Press Release: Statement by an IMF Mission to Burundi
December 17, 2010Press Release No. 10/501
December 17, 2010
A mission from the International Monetary Fund (IMF), led by Mr. Bernardin Akitoby, visited Bujumbura from December 1–10, 2010 to conduct the fifth review of the government’s economic and financial program supported by the IMF under the Extended Credit Facility (ECF).
The mission met with President Pierre Nkurunziza; the First Vice-President, Térence Sinunguruza; the Second Vice-President, Gervais Rufyikiri; the Minister of Finance, Clotilde Nizigama; the Minister of Planning, Pierre Mupila; the Minister in Charge of Good Governance and Privatization, Jean Baptiste Gahimbare; and the Governor of the Central Bank, Gaspard Sindayigaya. The mission had constructive discussions with members of the donor community, the private sector, and the civil society.
At the end of the mission, Mr Akitoby, IMF Mission Chief for Burundi issued the following statement:
“Performance under the ECF-supported program has been broadly satisfactory, despite risks posed by the recent electoral cycle. All quantitative performance criteria for September 2010 were observed, and structural reforms are on track. Notably, progress has been made toward the implementation of a single treasury account and staffing of the Burundi Revenue Authority is nearly complete.
“The economy is emerging slowly from the effects of the global crisis. Economic growth is expected to rise to 3.9 percent in 2010, from 3.5 percent in 2009. Because of rising food prices, headline inflation (end of period) is likely to increase to 7.5 percent in 2010, compared with 4.6 percent in 2009. The macroeconomic outlook in 2011 is generally positive with real GDP projected to rise by 4.5 percent and inflation forecast at about 8 percent. The foremost downside risk stems from the uncertain external environment.
“For 2011, policy discussions focused mainly on the 2011 budget and the need to preserve macroeconomic stability and revive growth in the face of the challenging economic environment. The mission stressed the need to pursue appropriate growth-enhancing reforms by refocusing capital spending on key infrastructure, accelerating integration within the East African Community (EAC), and advancing financial sector reform. Achieving debt sustainability should anchor medium-term fiscal policy. Given Burundi’s debt burden, external financing of the budget should be limited to grants and highly concessional loans. Acknowledging the need for more spending in the priority sectors, the program incorporates a contingency plan to increase spending if additional concessional financing becomes available or revenue collections are higher than programmed.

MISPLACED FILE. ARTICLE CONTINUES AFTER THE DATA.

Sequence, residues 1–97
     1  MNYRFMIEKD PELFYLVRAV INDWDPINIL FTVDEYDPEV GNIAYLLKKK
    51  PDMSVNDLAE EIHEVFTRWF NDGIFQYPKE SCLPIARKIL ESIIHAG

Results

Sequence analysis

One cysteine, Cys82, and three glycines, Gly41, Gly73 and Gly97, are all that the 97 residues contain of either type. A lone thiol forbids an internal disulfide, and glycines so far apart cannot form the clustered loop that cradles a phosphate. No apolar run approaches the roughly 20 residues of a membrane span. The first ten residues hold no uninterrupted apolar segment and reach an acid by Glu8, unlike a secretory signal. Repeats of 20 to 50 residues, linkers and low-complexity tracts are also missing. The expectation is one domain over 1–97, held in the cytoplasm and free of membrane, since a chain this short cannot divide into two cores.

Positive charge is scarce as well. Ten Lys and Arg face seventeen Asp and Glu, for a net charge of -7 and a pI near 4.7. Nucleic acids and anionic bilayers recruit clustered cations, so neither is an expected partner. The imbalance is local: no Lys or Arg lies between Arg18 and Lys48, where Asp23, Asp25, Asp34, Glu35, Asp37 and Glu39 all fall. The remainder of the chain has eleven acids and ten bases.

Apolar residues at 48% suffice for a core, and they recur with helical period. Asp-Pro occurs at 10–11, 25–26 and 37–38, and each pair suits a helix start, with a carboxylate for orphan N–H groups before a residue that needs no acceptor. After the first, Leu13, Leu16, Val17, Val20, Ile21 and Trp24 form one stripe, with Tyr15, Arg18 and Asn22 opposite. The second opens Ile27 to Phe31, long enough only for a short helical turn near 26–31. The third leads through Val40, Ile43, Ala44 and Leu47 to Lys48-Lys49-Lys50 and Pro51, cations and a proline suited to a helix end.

“The mission was encouraged by the authorities’ efforts to consolidate progress on revenue collections and reallocate spending to priority sectors. It encouraged the authorities to continue reforms of wage and employment. The mission welcomed the government’s stated policy of zero tolerance for corruption. It encouraged the authorities to consolidate progress in good governance and deepen structural reforms, including in the coffee sector.
“The mission confirmed that the IMF will continue to work with Burundi to address these challenges. The discussions are expected to be concluded in the coming weeks, which would lay the basis for completion of the fifth review of the ECF by the IMF’s Executive Board in February 2011. The mission would like to thank the authorities for their warm hospitality and very close and constructive cooperation.”